Marine radio designs and features have come a long way. Years ago, when Clarion introduced the first marine radios to the world, they were enhanced versions of Clarion’s car stereo solutions. Soon after, water-resistant faces were added to allow the radios to stay outside in the cockpit all year long. Over the next few decades, remote controls were added to make controlling the radio from anywhere onboard easier. In the last decade, marine source shapes have become flexible, and the source selection options are downright impressive.
Marine Radio Size Options
Most marine radios started as single-DIN car radios. The standard 2-inch-tall by 7-inch-wide chassis was outfitted with a front panel with silver or white trim. The displays were upgraded from their car audio brethren with reverse-LCD displays that were easier to see in bright sunlight. Inside these radios, the circuit boards were sprayed with a plastic layer called a conformal coating. This barrier helped keep the tiny connections on electronic components from corroding in high-humidity conditions.
Companies like Kenwood, Sony, Clarion, Fusion and Aquatic AV offered radios with an oversized front panel that was water-resistant. The large face mounted securely to the boat, and a flip-down design provided access to the cassette (remember those?) or CD slot. Over the years, these radios evolved into digital-media-only designs. Fusion had radios with room for an iPod inside the unit. The latest radios no longer have flip-down faces as many boat owners play music stored on their smartphone via a Bluetooth audio streaming connection.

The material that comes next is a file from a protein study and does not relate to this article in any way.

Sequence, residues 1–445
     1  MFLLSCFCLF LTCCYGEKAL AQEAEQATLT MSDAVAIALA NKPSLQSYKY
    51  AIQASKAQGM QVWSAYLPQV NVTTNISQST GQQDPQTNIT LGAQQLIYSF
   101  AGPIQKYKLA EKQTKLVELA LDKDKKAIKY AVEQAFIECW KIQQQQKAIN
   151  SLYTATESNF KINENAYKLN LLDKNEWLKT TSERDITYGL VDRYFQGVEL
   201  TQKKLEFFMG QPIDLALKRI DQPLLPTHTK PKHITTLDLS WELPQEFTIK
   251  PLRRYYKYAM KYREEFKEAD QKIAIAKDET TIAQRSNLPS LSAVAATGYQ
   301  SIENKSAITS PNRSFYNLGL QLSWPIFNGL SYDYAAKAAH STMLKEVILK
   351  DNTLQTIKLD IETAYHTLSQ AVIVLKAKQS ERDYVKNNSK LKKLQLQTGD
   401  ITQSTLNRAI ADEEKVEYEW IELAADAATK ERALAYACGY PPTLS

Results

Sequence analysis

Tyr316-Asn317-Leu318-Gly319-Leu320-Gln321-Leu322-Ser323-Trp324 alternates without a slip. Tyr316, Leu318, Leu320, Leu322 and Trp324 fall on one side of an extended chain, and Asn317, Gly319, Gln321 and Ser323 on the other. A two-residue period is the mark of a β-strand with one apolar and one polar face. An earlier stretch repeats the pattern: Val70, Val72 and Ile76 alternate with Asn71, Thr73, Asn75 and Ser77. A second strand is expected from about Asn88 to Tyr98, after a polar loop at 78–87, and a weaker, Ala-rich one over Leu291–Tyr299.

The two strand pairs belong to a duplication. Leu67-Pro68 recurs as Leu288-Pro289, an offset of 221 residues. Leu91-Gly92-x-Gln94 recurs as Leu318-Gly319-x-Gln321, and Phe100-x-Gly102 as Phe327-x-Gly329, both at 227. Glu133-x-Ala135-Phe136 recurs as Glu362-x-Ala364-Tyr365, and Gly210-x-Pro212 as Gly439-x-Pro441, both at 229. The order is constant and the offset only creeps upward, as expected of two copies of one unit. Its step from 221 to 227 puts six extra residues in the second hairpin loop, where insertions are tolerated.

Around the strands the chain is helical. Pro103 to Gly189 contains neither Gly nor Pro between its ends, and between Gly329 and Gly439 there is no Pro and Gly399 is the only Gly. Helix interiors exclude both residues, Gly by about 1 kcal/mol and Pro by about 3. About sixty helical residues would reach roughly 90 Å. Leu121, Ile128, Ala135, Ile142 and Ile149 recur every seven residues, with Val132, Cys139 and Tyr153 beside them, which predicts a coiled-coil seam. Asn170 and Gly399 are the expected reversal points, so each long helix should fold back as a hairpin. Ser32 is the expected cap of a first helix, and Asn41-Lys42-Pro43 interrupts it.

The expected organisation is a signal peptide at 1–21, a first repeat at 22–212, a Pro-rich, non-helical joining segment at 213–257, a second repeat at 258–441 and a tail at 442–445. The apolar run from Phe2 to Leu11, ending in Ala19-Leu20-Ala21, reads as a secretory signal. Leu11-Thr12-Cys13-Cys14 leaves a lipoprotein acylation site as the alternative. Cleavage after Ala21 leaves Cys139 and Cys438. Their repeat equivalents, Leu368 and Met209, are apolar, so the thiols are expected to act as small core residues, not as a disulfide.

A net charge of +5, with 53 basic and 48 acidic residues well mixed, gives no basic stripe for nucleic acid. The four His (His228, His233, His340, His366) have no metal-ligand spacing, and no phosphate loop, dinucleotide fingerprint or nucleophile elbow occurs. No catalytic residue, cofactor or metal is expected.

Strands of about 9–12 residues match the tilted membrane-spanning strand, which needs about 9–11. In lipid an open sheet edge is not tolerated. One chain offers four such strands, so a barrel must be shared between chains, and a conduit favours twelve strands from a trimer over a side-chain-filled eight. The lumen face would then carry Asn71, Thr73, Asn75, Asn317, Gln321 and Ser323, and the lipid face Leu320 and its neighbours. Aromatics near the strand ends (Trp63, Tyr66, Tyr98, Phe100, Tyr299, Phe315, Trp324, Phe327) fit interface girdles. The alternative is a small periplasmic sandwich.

Two-piece radios grew in popularity around 2010. These radios featured a hideaway control box that was suspiciously similar in size to a standard single-DIN radio, then a compact control module that was roughly 4 by 6 inches. The controller had the benefit of not requiring any significant amount of mounting depth, other than for its control cable. Currently, the most popular of these are available from JL Audio, Rockford Fosgate, Kicker and Fusion.
The final evolution was the gauge-sized radio. Many companies, including JBL, Hertz, Aquatic AV, Dual and Kicker, offer a compact radio that will fit into the same opening as a 3-inch dash gauge like a tachometer.
Modern Marine Integration Options
As the popularity of multifunction displays (MFD) from companies like Raymarine, Lowrance and Garmin has increased, radio manufacturers have developed integration solutions to let these navigation devices communicate. Clarion offers the MW6 interface that provides basic NMEA 2000 connectivity with a host of MFDs. JL Audio’s MM80-HR hideaway marine source unit works with Simrad, Lowrance and B&G MFDs and features a four-channel, 30-watt-per-channel amplifier. Rockford Fosgate also has a black-box NMEA 2000 radio called the PMX-8BB that works with its PMX-CAN interface to communicate with many Garmin and Raymarine MFDs.
Fusion’s Apollo Series radios have a Wi-Fi radio built in and allow iPhone and iPad users to stream audio using Apple AirPlay 2. Fusion says this wireless communication protocol offers a dramatic improvement over Bluetooth.
Upgrade Your Marine Radio Today
Whether you need to replace an older, water-damaged or worn-out CD player, or you want state-of-the-art connectivity and control, upgrading the radio in your boat is a great idea. Drop by your local specialty mobile enhancement retailer today to find out about the options available to make your time on the water more enjoyable and entertaining. Check out our Marine Audio Upgrades article if you’d like to learn more about the options available to enhance the sound system on your boat.